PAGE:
"Belgian Highway Code should be completely rewritten"

Belgian traffic rules are old-fashioned and need a complete update, to such an extent that it would be better to write a new Highway Code starting from scratch. That's according to Karin Genoe of the Belgian Institute for Road Safety (BIVV). The present Highway Code is 40 years old, complex and no longer up-to-date, Genoe argues. She suggests compiling a completely new version which is shorter and better comprehensible.

"The present set of traffic rules was imposed in 1975 and was written at a time when the situation on the roads was completely different. We had less traffic, but we didn't know mobile phones, we didn't have as many cycleways", explains Karin Genoe in an open letter in De Tijd. "This is why we say: think things through. We will have to do a thorough revision at one stage - it has even been planned - but maybe we can seize that opportunity to go one step further, starting from scratch."

Genoe says that the present book is too complicated and gives an example. "The Netherlands are using 75 words in the section about bus lanes, we in Belgium need 600 words." The language used is also old-fashioned and contains words that are obsolete and that nobody still knows.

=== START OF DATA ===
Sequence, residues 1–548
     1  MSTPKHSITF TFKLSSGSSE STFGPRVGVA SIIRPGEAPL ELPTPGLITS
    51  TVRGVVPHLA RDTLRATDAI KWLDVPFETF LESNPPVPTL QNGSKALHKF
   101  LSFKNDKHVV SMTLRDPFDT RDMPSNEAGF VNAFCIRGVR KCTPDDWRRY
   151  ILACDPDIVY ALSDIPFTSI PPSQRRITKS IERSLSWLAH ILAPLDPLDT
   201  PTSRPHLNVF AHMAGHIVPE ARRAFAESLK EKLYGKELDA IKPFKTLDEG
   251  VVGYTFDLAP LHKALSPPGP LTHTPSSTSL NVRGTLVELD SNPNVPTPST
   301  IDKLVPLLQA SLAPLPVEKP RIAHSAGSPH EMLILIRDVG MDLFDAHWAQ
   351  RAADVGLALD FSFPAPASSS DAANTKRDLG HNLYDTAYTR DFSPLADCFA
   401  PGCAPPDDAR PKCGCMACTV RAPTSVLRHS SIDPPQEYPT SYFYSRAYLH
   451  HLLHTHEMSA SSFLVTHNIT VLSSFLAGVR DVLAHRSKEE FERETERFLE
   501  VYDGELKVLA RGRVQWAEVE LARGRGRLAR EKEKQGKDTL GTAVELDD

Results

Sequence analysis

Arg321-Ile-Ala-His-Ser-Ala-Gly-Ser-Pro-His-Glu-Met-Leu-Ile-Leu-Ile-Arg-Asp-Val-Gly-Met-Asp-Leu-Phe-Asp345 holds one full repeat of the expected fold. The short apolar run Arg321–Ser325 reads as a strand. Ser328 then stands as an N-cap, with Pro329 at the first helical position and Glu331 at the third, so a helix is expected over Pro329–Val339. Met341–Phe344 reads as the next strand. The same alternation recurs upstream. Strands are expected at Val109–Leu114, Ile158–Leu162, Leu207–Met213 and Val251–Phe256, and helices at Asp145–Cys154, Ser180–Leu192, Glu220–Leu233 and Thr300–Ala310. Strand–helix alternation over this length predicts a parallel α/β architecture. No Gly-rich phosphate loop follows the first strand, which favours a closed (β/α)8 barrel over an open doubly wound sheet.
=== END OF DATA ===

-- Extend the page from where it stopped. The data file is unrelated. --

"Don't park your car on the pavement!"

The federal Mobility Minister Jacqueline Galant (Francophone liberal) says she certainly wants to revise the situation, but it is not clear whether she supports a completely new Highway Code.

The Belgian motoring organisation Touring supports the ideas put forward by Karin Genoe, but highlights the fact that it will not be an easy job. Karel Van Coillie, a specialist in traffic legislation and the judicial impact, says that maybe two versions will be needed: a complicated one which is perfectly watertight from a judicial point of view, and a version which contains more comprehensible language for the average motorist.

"Rules may seem easy at first sight, but are in fact complicated. Don't park on the pavement, for example. This seems straightforward, but what is a pavement? A concrete definition of what can be understood as a pavement is missing", explains Van Coillie.